Revitalizing Rural Communities: The Role of Resilient Florida Grant Program Funding

By Hannah Hart
Project Manager, Resilience Solutions

It’s no secret Florida communities face significant challenges from flood events, increased storm activity, and environmental changes. One of the most effective ways to mitigate those challenges is by planning ahead. Funding and resources have historically been limited in rural towns and cities. Thus, the question becomes how can rural communities best prepare themselves, their residents, and their built assets for the next disaster while also optimizing available funding and resources? Amidst the dynamic landscape of rural Florida, the Resilient Florida Grant Program has emerged as a pivotal force, empowering communities to proactively tackle environmental risks.

Good data—gold in the bank

If the process of disaster mitigation begins with good planning, then planning must begin with good data. Many rural areas have had to rely on the best available information, which is often limited to outdated FEMA flood maps based on historical data rather than any formal models or established base flood elevations specific to their area. And, while climate studies and other vulnerability assessments have been funded for nearly 30 years in urban areas with significant tax bases, they’ve been highly underfunded in rural communities, particularly in the South.

The result of geographical data gaps and outdated data is two-fold. First, rural communities are often left in reaction mode when a major storm hits. Second, without high-quality, local data, they struggle to demonstrate need in grant applications, leading to compounded funding problems.

Having good data is like having gold in the bank. Once data is available, the possibilities open up for assessing future climate scenarios and moving rural communities from a reactive to a proactive stance. In turn, proactive planning for future conditions springboards communities toward success in multiple ways, such as pre-event knowledge of vital infrastructure that will likely be impacted during a disaster, allowing communities to respond more efficiently after a disaster with proxy assets or repair requirement. Good data also enhance local communities’ ability to attract desirable businesses and industry.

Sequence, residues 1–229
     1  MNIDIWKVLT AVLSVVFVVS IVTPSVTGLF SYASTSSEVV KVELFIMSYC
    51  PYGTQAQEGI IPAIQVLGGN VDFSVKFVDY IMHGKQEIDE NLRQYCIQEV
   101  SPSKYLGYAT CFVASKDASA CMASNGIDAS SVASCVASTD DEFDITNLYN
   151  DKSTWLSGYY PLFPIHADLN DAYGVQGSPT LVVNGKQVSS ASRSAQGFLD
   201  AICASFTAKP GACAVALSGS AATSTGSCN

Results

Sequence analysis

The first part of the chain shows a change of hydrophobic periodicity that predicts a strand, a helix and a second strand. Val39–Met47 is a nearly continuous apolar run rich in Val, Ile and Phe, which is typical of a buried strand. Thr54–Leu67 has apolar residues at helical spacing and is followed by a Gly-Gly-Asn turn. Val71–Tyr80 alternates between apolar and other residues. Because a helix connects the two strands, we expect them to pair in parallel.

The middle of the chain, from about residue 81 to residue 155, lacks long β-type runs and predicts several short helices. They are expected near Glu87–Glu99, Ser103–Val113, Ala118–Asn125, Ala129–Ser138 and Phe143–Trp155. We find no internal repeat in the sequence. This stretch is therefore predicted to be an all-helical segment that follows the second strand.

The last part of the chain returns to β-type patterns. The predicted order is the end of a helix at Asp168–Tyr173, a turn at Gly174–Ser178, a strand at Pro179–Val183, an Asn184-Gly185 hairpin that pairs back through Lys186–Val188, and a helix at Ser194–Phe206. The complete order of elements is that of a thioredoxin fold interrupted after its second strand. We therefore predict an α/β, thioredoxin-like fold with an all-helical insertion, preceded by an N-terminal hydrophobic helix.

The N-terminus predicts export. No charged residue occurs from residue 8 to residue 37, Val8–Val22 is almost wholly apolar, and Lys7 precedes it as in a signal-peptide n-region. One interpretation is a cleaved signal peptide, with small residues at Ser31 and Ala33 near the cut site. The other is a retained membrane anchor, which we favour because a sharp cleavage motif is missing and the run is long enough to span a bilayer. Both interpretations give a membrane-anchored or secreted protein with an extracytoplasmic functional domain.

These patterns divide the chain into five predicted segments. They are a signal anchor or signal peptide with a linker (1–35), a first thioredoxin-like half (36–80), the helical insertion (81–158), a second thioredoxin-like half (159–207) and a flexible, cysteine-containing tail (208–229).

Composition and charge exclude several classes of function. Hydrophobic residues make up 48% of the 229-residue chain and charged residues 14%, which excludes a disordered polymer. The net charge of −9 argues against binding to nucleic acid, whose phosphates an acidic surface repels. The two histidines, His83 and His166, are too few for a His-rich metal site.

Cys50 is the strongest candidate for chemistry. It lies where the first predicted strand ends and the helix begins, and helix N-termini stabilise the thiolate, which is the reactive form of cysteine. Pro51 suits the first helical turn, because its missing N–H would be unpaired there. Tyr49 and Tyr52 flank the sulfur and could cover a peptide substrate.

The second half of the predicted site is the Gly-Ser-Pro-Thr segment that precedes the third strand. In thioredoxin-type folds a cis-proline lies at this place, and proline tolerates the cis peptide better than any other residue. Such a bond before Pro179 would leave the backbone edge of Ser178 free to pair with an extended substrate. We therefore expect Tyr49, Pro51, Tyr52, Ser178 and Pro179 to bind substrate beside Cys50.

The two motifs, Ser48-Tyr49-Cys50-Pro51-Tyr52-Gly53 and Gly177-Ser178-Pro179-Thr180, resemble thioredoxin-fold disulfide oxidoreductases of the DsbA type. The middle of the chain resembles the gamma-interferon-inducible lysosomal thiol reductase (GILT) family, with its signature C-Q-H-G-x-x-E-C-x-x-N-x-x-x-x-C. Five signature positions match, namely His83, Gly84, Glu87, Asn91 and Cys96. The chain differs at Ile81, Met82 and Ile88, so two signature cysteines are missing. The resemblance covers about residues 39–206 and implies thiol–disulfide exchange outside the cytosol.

However, getting good data in order to secure funding requires funding in the first place, and that’s exactly why the Resilient Florida Grant Program, which requires no up-front funds for planning studies, has been so significant to countless communities in Florida. This program makes substantial critical asset datasets a real possibility for any city or town willing to apply for the funding.

From data collection to planning ahead

Once funding is secured and studies are completed, rural communities can pivot from reactive survival mode in the wake of an event to proactive, future-focused planning. In recent months, many rural counties in Florida have undertaken inaugural vulnerability assessments thanks to funding from the state, with some communities combining that with additional funding for related studies from the Federal Emergency Management Agency (FEMA), the Department of Housing and Urban Development (HUD), and the National Oceanic and Atmospheric Administration (NOAA). Currently, Florida’s program is focused on adaptive work for flooding hazards, although much of the nation is also planning for other hazards, such as extreme heat and wildfires.   

At the local level, rural county and local staff have welcomed these planning studies and are highly engaged in assisting consultant teams in collecting relevant local data. In northwest Florida, where they have experienced more than six named storm events in just the last five years, local staff more than understand the criticality of the issues involved with climate hazards. To meet this challenge, vulnerability assessments have recently begun in Calhoun, Jackson, and Liberty Counties, among others. In completing these studies, the institutional knowledge and firsthand experience of local staff and residents is vital. For example, during the project kickoff meeting in Calhoun County, staff spent significant time sharing stories of both drought and intense rainstorms, coupled with specific locations of blocked rivers from tree fall debris still left from Hurricane Michael.

Hurricane Sally impacted Liberty County in September 2020 and significantly damaged roads and critical infrastructure.

With useful, up-to-date data in hand from these studies and evaluations, Florida’s rural communities are properly positioned to plan for future climate hazards. The data also aid in updating local mitigation strategy (LMS) plans, which, when aligned with completed vulnerability assessments, enable rural communities to leverage both state and federal funding to implement necessary infrastructure hardening projects.

As Florida’s coastline and topography change in the wake of major storm events, there is a demonstrated need for continued funding for climate studies, proper asset management, and updated mapping to facilitate responsible planning, sustainable use of resources, and designing infrastructure with future conditions in mind.


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